Local and Congressional Action in the Wake of Kate Steinle’s Death

Site of Kate Steinle's death on Pier 14 in San Francisco (Photo: Karl Mondon/Bay Area News Group)

Site of Kate Steinle’s death on Pier 14 in San Francisco (Photo: Karl Mondon/Bay Area News Group)

It has now been almost a month since 32 year old Kathryn Steinle was shot and killed as she walked along San Francisco’s Pier 14.

To recap the series of events, quickly following the shooting authorities arrested and charged Juan Francisco Lopez-Sanchez, an undocumented immigrant with multiple drug related felonies to his name, as well as a history of deportation and re-entering the country. Earlier this year Lopez-Sanchez had been held by Immigrations and Customs Enforcement (ICE) and was slated to be deported again, but was instead sent to San Francisco this past April at the request of the sheriff’s office to face a 20-year old drug charge. However, the District Attorney decided to not prosecute, at which point the sheriff’s office checked if there was an ICE warrant for Lopez-Sanchez. Finding none, Lopez-Sanchez was released from custody without ICE being notified.

Why go behind their backs, you might ask? Because San Francisco has adopted so called Sanctuary Laws, policies that allow local law enforcement to not cooperate with ICE operations, which have in the past been severe and deeply damaging to immigrant communities throughout the country. Lopez-Sanchez now awaits trial and has pleaded not-guilty to murder.

This combination of events has now exploded into the national consciousness, intensifying the already charged debate around immigration. Business-tycoon-turned-presidential-candidate Donald Trump, who kicked off his campaign by labeling some immigrants as criminals and rapists, seized on Steinle’s death as proof of his stance. Bill O’Reilly declared that President Obama was indirectly complicit for allowing local governments to adopt non-cooperation laws towards federal immigration enforcement. Immigration advocacy groups, for their part, have called for a “sober dialogue” and are urging that the tragic events do not become a sweeping indictment of immigration reform.

So all this begs the question – what is being done to prevent another death like this from happening?

Locally, San Francisco supervisor Mark Farrell last week proposed a law that would force the city’s sheriff to verify with the district attorney that their office intends to prosecute the accused, before requesting an inmate be transferred from to the city. Had this happened in the case of Lopez-Sanchez, local authorities might never have brought him to the city in the first place.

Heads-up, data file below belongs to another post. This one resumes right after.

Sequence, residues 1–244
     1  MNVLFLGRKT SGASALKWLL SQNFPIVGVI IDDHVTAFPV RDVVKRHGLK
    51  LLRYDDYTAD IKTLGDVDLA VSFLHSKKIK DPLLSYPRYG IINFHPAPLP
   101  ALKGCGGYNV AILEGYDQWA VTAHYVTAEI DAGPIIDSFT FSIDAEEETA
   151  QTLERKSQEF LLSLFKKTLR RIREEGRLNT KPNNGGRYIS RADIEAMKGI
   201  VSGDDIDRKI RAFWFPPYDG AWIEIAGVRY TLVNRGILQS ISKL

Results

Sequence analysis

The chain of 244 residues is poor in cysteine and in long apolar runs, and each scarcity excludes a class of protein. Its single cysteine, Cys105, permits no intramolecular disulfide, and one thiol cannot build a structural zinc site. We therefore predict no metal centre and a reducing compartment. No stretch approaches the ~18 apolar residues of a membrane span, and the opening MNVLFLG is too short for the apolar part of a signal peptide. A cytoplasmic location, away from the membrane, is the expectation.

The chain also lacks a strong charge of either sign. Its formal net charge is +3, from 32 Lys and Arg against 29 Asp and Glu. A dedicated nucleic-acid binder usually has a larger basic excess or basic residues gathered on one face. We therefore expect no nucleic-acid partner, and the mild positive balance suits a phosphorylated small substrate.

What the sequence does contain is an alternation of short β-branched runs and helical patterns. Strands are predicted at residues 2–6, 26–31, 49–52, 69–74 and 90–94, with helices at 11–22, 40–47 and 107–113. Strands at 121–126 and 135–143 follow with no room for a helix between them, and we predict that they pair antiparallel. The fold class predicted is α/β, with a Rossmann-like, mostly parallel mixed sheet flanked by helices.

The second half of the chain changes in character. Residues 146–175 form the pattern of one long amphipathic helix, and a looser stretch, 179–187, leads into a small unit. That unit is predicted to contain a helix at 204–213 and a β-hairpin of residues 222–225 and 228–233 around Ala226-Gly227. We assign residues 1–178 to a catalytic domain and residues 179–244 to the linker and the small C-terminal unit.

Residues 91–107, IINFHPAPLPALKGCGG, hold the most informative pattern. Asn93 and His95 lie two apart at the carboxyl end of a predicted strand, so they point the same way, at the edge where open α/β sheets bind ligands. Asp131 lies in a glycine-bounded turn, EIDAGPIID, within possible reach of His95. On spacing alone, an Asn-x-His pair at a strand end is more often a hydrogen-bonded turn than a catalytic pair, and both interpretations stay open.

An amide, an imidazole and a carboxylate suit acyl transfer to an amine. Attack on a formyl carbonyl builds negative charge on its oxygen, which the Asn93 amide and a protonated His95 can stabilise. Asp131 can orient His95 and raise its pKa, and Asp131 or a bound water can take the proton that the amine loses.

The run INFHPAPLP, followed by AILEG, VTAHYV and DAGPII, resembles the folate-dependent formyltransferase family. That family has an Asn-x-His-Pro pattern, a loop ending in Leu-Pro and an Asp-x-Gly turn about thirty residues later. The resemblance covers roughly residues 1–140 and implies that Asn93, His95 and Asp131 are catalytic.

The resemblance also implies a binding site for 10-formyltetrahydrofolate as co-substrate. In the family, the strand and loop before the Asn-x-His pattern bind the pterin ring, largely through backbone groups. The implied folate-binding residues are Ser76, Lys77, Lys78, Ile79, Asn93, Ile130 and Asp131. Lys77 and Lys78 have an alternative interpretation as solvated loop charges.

But given the national dimension this event has taken, there have also been proposals making their way through Congress. Mr. Steinle, Kate’s father, recently testified before the Senate Judiciary Committee advocating for what’s been called Kate’s Law, which would jail for five years previously deported immigrants who re-enter the country illegally.

Thirdly, the Republican controlled House of Representatives recently passed a bill largely along party lines that would withhold federal money for public safety programs from states and cities that adopt Sanctuary policies. The bill now awaits consideration from the Senate.

Are any of these the right way to go? Or do you think officials should do something else entirely? Vote and comment below.

Verify Intent to Prosecute Before Transferring Inmates to San FranciscoWith the recent death of 32 year old Kate Steinle, San Francisco officials have been under pressure to reform the local law enforcement with regards to immigration. One such proposal, from Supervisor Mark Farrell, would require the city sheriff to verify with the district attorney that charges will be prosecuted on accused suspects before the sheriff requests a transfer from outside the city’s jurisdiction. Juan Francisco Lopez-Sanchez, the undocumented immigrant accused of killing Steinle, had been transferred to San Francisco to face a long standing drug charge, but was soon released after the DA decided not to prosecute.



Kate’s Law: Five Year Imprisonment for Re-Entering Country IllegallyIn the wake of Kate Steinle’s death, the national debate around immigration has intensified. Steinle was shot and killed as she was walking along San Francisco’s Pier 14, and an undocumented immigrant, Juan Francisco Lopez-Sanchez, has been charged with her murder. Lopez-Sanchez had been deported five times but was released by San Francisco authorities when Immigration and Customs Officials failed to produce a warrant for his arrest. Now the Senate is considering a bill that would jail for up to five years immigrants who have been deported but re-enter the country illegally. Do you support this measure?



Withhold Federal Public Safety Money From Sanctuary Cities and StatesJuan Francisco Lopez-Sanchez, an undocumented immigrant with a history of drug charges and illegal re-entry into the country, has been charged with the murder of Kate Steinle. Lopez-Sanchez was released from custody by San Francisco officials after long standing drug charges were dropped. Without a warrant from federal Immigration and Customs Enforcement (ICE), San Francisco’s Sanctuary laws allows local law enforcement to not comply with federal requests for undocumented immigrants. Now, Congress is considering legislation to punish states and cities that adopt sanctuary laws. Under the law, federal public safety money would be withheld from sanctuary cities and states.



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